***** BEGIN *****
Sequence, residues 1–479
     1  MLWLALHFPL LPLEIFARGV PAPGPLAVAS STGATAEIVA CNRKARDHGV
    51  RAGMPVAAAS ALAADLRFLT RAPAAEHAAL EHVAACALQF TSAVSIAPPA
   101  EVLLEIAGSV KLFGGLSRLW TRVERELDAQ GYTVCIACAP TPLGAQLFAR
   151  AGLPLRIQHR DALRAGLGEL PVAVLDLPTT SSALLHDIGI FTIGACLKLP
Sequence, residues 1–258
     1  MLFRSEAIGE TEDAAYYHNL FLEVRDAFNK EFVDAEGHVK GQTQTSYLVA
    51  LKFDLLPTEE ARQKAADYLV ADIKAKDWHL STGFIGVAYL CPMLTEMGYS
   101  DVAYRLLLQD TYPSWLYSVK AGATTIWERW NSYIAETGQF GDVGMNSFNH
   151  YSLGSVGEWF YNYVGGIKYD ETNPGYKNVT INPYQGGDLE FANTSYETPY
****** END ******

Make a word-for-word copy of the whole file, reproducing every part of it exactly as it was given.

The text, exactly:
Sequence, residues 1–479
     1  MLWLALHFPL LPLEIFARGV PAPGPLAVAS STGATAEIVA CNRKARDHGV
    51  RAGMPVAAAS ALAADLRFLT RAPAAEHAAL EHVAACALQF TSAVSIAPPA
   101  EVLLEIAGSV KLFGGLSRLW TRVERELDAQ GYTVCIACAP TPLGAQLFAR
   151  AGLPLRIQHR DALRAGLGEL PVAVLDLPTT SSALLHDIGI FTIGACLKLP
Sequence, residues 1–258
     1  MLFRSEAIGE TEDAAYYHNL FLEVRDAFNK EFVDAEGHVK GQTQTSYLVA
    51  LKFDLLPTEE ARQKAADYLV ADIKAKDWHL STGFIGVAYL CPMLTEMGYS
   101  DVAYRLLLQD TYPSWLYSVK AGATTIWERW NSYIAETGQF GDVGMNSFNH
   151  YSLGSVGEWF YNYVGGIKYD ETNPGYKNVT INPYQGGDLE FANTSYETPY